‘Welcome, Forest Lord,’ said the shining angel. His face was so beautiful it made him cry and he dropped to his knees, yet he could not wrench his eyes away. The body was white and supple, muscled yet lean, and perfectly proportioned. His hair was a fiery red river of silk that cloaked his body reverently, reaching down to the backs of his shapely knees and his eyes – Gods, his eyes of turquoise light …
Legolas whimpered, he could not help it, for his body was doing just what his master had told it to do – feel – and how could it not, before such a vision of male perfection.
His eyes closed momentarily, before opening once more and startling, for the angel now stood but inches away from him – yet Legolas could not remember having stood – as last he remembered, he had been rendered a fool, on his knees with an aching erection.
The light-filled figure bent forward and took his quivering lips in a kiss so tender yet so utterly sensuous he felt that he would come right there. And then, to his all-encompassing bliss, he took flight, hovering above the ground as his skirt disappeared, and he was engulfed.
Bright light filtered through his half-lidded eyes and consciousness was slow in returning. He was, once more, encircled in the arms of his master. It suddenly came back to him then and his eyes shot down to his middle, realizing he still wore his skirt and that there was, at least no outward evidence of the incredible orgasm he had experienced during the night, for the angel had pleasured him upon the wings of a summer breeze. The simple memory of it had him impossibly stiff, and so he sat up and groaned, earning himself a chuckle from the wizened Maia now beside him.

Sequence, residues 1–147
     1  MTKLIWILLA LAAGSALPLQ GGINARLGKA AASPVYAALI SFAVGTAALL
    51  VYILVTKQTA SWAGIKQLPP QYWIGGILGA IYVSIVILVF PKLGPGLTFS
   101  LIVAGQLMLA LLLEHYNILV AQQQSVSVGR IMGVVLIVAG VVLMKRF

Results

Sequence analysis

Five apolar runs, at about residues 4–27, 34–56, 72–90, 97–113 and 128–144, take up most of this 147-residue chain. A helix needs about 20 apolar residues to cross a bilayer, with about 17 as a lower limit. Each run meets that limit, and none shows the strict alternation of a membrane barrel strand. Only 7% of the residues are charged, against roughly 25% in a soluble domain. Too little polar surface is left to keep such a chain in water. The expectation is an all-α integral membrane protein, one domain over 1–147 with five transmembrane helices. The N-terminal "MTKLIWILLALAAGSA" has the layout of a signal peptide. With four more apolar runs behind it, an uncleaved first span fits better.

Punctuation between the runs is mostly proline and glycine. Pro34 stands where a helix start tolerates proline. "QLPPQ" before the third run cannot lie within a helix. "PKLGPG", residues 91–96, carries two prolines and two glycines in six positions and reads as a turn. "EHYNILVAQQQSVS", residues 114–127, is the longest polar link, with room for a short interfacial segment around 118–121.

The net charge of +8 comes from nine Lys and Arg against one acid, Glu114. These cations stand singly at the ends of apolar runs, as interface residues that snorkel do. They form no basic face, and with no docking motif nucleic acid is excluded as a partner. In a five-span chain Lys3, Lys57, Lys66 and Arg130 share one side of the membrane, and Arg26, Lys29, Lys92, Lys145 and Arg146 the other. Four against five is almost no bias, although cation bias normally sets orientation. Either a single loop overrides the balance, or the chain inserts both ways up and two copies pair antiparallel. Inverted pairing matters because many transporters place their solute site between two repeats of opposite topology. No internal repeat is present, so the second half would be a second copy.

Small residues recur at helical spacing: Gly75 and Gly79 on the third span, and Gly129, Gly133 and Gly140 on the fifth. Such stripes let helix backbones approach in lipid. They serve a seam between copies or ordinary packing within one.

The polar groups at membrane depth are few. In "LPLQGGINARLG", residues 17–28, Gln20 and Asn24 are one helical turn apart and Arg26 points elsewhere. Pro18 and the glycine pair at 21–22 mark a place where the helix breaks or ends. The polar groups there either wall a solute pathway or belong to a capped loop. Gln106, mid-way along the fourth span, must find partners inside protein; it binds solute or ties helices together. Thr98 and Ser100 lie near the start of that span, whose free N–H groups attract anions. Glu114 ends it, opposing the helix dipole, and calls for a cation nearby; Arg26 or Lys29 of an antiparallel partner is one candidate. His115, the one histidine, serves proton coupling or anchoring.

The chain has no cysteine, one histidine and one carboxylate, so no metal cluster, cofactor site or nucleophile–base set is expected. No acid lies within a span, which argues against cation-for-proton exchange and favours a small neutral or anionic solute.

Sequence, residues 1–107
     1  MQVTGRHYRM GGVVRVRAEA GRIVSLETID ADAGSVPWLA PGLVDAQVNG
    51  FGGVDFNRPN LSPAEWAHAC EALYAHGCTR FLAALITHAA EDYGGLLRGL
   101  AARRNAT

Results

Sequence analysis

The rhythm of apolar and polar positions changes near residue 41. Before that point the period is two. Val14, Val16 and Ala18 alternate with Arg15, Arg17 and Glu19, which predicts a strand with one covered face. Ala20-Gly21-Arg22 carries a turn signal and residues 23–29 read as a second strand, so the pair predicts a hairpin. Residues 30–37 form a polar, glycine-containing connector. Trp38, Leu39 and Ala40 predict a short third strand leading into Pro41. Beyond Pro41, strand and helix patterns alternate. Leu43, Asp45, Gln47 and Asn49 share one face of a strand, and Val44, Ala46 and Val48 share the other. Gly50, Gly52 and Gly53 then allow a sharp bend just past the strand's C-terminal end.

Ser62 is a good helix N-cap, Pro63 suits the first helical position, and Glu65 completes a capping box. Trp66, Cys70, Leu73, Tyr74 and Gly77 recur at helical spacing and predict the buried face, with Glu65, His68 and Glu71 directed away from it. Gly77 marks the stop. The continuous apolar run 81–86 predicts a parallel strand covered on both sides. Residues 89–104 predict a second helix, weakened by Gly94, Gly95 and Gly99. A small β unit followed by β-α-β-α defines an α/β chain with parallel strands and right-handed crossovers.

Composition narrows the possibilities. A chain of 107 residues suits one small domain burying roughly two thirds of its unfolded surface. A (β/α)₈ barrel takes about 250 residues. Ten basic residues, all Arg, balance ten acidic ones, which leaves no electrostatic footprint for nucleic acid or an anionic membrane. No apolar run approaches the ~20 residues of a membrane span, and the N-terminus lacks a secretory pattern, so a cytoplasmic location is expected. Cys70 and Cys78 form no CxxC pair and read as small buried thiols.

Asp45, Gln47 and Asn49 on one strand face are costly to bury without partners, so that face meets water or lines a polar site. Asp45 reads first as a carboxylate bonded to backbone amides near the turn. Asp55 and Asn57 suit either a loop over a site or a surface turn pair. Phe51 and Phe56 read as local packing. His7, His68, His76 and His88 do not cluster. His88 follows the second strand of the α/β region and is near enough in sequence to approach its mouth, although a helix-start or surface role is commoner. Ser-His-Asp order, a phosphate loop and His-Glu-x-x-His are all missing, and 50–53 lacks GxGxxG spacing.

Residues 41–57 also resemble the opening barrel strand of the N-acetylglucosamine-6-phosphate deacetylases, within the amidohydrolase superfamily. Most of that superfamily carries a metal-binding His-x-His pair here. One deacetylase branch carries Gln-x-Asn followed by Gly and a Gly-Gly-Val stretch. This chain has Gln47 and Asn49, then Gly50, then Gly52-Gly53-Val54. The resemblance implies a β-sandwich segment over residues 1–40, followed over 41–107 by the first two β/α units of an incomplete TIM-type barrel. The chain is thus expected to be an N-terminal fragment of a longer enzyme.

“You are progressing well, I think. Tell me, what you learned then,” prompted the wizard as he handed Legolas a mug of tea, his shrewd eyes fixed on his apprentice.
After a first, soothing sip of the brew, Legolas explained how he had been able to control his own movements this time, at least some of them, and that he had been able to identify specific elements. He also told him of how he had had the sensation of being able to do more, and yet not daring to do so, for the strange anxiety it provoked in his gut.
Aiwendil seemed to understand him, although he offered no explanation for it.
“There is more…” he hesitated, wondering how much he should tell his master, supposing he did not already know.
“Tell me,” answered the wizard simply, as he placed another dead twig onto the crackling hearth and poking the bread he was toasting further inside.
“There is a – being – I have seen him twice now. He welcomes me and then I – fall asleep.”
The wizard looked pensive for a moment, before turning his gaze to the lovely green eyes.